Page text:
Kenrya: Wait, you knit? Did I know that you knit? I don't think so.
Erica: It's one of those things that I do that allows me to just turn off my brain and keep my hands moving.
Kenrya: I tried to do that once.
Erica: I'm not good at it. I don't know how to do anything other than square or rectangle items.
Kenrya: A scarf.
Erica: It's just something that helps me just do. I don't have to think about it. I just kind of just keep going.
Kenrya: That's dope. I tried to learn how to knit. I didn't buy it. I got a little kit I think when I worked at Reader's Digest, because they used to make all kinds of shit. It was a knitting kit. I never got good.
Erica: I adore people that can do an amazing job. I can't. It's more about just being able to sit and turn off my brain and do some stitches, because when I get anxious I have all this energy and I need to be doing something. That helps.
Kenrya: That's what's up.
Erica: What's next for you?
Kenrya: What's next?
Erica: “Complex Saviors.”
Kenrya: “Complex Saviors” is next. I'm in that vein of the whole I'm saying no to things. I'm not taking on any other big projects. The fellowship, one of the reasons that it's awesome is that it affords me the opportunity to say no to a few things. I don't have to take on what I call the low reward projects in order to pay those bills that's over there shooting lasers at me. It allows me to spend a little bit more time actually writing on this project that I'm super passionate about. I guess it's that and Season Four of The Turn On.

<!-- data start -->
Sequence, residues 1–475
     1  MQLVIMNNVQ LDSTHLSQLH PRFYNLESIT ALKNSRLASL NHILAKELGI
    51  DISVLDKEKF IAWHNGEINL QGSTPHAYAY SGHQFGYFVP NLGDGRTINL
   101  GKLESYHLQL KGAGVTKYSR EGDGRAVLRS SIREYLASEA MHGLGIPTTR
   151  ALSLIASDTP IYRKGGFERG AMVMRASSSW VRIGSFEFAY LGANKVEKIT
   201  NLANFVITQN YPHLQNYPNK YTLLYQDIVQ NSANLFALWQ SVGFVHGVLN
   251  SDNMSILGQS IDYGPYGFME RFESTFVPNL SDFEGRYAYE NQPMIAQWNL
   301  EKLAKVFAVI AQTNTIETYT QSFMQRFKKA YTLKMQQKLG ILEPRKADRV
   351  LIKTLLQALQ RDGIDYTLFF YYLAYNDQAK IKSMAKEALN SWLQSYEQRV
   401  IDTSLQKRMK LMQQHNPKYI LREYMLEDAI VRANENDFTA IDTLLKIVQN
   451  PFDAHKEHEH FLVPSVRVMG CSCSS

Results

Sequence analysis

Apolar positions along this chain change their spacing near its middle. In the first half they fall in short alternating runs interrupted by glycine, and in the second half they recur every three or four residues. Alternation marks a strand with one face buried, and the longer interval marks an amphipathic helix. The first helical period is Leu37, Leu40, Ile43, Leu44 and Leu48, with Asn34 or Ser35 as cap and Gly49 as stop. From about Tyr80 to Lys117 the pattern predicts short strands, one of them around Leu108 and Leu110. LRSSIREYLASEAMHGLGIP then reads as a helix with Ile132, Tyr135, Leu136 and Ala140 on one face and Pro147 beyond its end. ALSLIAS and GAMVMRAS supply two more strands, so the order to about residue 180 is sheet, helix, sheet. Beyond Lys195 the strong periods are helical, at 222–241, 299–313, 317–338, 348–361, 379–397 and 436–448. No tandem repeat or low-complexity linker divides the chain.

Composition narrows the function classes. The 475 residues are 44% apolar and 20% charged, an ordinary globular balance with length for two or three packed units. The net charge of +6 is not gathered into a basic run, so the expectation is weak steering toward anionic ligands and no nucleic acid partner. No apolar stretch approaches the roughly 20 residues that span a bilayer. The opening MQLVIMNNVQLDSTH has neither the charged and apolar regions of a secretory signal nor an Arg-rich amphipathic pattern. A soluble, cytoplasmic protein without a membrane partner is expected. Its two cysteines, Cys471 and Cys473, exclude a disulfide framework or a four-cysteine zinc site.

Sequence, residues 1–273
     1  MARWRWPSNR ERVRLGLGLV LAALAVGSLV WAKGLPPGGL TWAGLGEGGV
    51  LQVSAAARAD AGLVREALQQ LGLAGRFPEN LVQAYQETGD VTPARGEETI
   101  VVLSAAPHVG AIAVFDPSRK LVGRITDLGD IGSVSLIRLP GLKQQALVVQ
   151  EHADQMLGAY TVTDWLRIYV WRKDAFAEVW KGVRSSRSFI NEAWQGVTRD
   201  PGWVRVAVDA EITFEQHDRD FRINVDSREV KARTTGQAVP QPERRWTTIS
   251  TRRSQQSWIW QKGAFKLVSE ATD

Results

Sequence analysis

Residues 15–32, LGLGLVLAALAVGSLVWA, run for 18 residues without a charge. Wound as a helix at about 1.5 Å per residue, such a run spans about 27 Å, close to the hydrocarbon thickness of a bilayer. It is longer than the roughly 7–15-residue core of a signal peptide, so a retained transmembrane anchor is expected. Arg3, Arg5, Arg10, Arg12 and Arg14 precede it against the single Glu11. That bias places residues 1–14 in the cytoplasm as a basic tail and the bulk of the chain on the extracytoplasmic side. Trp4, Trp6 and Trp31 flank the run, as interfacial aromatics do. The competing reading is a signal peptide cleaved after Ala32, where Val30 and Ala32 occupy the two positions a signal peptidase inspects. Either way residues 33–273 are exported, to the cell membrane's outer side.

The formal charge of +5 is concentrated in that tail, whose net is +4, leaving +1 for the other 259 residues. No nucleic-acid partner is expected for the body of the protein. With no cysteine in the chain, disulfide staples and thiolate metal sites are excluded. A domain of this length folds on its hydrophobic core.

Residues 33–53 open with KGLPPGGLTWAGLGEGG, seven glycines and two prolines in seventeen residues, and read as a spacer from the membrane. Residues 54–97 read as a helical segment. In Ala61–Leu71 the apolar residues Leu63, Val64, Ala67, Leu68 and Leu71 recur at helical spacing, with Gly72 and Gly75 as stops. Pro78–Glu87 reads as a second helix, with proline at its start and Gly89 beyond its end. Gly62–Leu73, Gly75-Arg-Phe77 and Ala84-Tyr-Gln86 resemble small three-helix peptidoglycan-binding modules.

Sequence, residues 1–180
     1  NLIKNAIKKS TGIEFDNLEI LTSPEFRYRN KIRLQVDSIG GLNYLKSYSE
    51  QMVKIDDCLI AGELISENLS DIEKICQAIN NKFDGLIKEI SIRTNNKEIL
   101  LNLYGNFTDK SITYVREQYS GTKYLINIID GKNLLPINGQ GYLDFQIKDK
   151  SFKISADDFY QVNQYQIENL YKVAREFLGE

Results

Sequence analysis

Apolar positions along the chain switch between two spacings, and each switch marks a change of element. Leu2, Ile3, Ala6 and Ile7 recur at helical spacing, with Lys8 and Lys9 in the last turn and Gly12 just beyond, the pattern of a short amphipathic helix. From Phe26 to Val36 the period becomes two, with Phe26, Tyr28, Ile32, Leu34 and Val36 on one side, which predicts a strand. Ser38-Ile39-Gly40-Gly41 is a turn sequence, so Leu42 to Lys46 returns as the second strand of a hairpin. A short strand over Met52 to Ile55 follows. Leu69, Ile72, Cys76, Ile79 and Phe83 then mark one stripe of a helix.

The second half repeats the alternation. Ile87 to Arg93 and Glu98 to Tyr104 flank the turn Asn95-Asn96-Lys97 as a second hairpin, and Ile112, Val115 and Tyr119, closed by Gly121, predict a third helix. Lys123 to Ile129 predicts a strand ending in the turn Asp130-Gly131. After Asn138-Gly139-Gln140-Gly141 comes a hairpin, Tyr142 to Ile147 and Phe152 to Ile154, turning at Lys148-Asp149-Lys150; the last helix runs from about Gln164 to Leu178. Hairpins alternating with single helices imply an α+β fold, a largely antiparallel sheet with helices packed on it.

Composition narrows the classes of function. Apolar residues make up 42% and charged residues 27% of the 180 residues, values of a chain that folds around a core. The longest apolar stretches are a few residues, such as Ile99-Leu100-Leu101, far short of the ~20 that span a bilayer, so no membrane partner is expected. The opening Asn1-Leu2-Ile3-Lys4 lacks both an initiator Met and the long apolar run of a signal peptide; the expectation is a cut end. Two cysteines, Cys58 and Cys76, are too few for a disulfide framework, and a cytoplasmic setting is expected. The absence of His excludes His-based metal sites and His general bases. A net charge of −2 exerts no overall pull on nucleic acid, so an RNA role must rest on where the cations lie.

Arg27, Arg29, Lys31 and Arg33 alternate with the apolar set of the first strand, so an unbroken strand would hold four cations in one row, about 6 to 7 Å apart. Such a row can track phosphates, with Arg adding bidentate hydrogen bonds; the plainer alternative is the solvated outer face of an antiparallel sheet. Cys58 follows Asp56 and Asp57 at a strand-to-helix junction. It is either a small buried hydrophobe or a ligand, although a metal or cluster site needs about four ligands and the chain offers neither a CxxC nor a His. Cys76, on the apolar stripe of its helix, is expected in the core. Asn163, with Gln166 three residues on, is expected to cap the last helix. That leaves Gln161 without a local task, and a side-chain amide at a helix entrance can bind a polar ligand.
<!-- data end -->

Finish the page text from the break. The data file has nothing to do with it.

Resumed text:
Erica: Season Four of this-
Kenrya: Which is coming.
Erica: ... bitch.
Kenrya: Next week.
Kenrya: What about you?
Erica: I am working on ways to transition from my 9:00 to 5:00 into my empire, Erica's empire. That's what the folder's called on my computer. I'll be launching my Erotic Revolutionist website soon. I am doing this thing called the Erotic Escape. I think one is going to eat the other, but for now they're two separate entities. The Erotic Escape I'm selling sex toys and consulting with couples about ways to improve their intimacy and spice up their sex life, and again, I don't fucking know, but-
Kenrya: Yes, you do.
Erica: I just feel like I'm bubbling with lots-
Kenrya: Yes, you do.
Erica: ... of new things. We'll see.
Kenrya: You know.
Erica: I know, but I don't. I know that there are new things. I don't know what it's going to look like in the end. That's where I am. I'm very excited about it. Old Erica, Erica four years ago would've been freaking the fuck out right now because she has no idea of what's next. Erica now is like, "I don't fucking know, but guess what? I'm going to be good one way or the other."
Kenrya: That's true. That's what's up. Where can folks connect with you outside of all the show places?